Quietness, however, does not mean inaction.

“Jesus ministered. He was busy. But Jesus was never under the illusion that the secret of His power was Himself.

“It was in connection, union and communion with the Father and the power of the Holy Spirit. In Luke 5:16, after being very busy, Jesus withdrew Himself into the wilderness and prayed.

“He needed to recharge. That’s the secret of transforming power – solitude and silence.”

Practice of solitude and silence: In solitude and silence, God will speak and sometimes Satan will attack, warned Rev Dr Tan.

But he encouraged the seminar’s participants to persist and to “start small”. Begin with half an hour and instead of reading the Bible and praying, learn to “breathe without words”. These wordless prayers are the antithesis of long drawn-out prayers.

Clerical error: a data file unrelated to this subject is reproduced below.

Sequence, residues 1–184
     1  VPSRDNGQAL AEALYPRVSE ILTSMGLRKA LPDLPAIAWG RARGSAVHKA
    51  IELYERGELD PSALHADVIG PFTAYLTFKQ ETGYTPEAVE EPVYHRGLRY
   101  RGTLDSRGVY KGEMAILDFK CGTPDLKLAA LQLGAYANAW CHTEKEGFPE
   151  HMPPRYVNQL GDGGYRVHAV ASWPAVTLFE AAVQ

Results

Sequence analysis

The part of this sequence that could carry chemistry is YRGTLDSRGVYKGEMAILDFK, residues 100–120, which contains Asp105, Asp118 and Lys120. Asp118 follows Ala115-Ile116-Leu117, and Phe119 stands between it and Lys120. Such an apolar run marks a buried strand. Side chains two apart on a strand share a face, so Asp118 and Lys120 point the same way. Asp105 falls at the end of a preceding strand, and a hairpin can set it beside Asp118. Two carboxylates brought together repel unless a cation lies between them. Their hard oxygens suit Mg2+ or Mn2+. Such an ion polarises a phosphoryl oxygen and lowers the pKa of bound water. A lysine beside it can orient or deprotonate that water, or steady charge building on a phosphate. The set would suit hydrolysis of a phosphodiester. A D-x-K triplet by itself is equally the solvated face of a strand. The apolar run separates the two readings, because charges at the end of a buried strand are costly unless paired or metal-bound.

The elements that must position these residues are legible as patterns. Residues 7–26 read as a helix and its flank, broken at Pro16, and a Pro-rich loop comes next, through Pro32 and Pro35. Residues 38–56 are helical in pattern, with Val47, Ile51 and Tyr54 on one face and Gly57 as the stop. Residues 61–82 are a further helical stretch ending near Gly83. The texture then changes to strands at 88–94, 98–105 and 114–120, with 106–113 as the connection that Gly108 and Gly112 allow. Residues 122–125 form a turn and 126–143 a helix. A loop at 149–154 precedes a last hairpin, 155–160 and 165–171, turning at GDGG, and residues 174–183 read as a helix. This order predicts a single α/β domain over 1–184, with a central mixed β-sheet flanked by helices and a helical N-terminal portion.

“In solitude and silence, you’ll come to a depth in your life, in your ministry that you’ve never known before.”

Rev Dr Tan shared that during the pandemic years, he would walk 12,000 steps every day. As he did so, he was silent before God.

“I suddenly realised that I was spending about two hours or more every day with the Lord. And it makes a big difference.

“As I talk to you, God speaks to me from the depths of that union and communion with Him. Those times in solitude and silence have prepared me well to come and speak to you today.

“I recommend that to you. You’ll come to a depth in your life, in your ministry that you’ve never known before.

“There is no short cut. You must be in union and communion with God Almighty, in the power of the Holy Spirit.”

Look out for Part 2 of  Rev Dr Tan Siang Yang’s talk shortly. 


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About the author

Christine Leow

Christine believes there is always a story waiting to be told, which led to a career in MediaCorp News. Her idea of a perfect day involves a big mug of tea, a bigger muffin and a good book.